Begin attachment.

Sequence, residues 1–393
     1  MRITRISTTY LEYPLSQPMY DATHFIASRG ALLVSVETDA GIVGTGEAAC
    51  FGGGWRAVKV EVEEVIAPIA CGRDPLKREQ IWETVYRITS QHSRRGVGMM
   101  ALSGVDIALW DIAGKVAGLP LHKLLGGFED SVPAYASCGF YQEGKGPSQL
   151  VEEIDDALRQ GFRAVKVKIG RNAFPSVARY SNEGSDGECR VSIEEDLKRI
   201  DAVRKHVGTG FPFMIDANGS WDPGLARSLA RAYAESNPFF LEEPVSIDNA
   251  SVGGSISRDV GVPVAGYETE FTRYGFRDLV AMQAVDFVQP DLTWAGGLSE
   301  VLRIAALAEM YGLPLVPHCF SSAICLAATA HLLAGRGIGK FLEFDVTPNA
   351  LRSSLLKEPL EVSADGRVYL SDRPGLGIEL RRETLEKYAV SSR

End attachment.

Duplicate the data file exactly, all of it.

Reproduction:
Sequence, residues 1–393
     1  MRITRISTTY LEYPLSQPMY DATHFIASRG ALLVSVETDA GIVGTGEAAC
    51  FGGGWRAVKV EVEEVIAPIA CGRDPLKREQ IWETVYRITS QHSRRGVGMM
   101  ALSGVDIALW DIAGKVAGLP LHKLLGGFED SVPAYASCGF YQEGKGPSQL
   151  VEEIDDALRQ GFRAVKVKIG RNAFPSVARY SNEGSDGECR VSIEEDLKRI
   201  DAVRKHVGTG FPFMIDANGS WDPGLARSLA RAYAESNPFF LEEPVSIDNA
   251  SVGGSISRDV GVPVAGYETE FTRYGFRDLV AMQAVDFVQP DLTWAGGLSE
   301  VLRIAALAEM YGLPLVPHCF SSAICLAATA HLLAGRGIGK FLEFDVTPNA
   351  LRSSLLKEPL EVSADGRVYL SDRPGLGIEL RRETLEKYAV SSR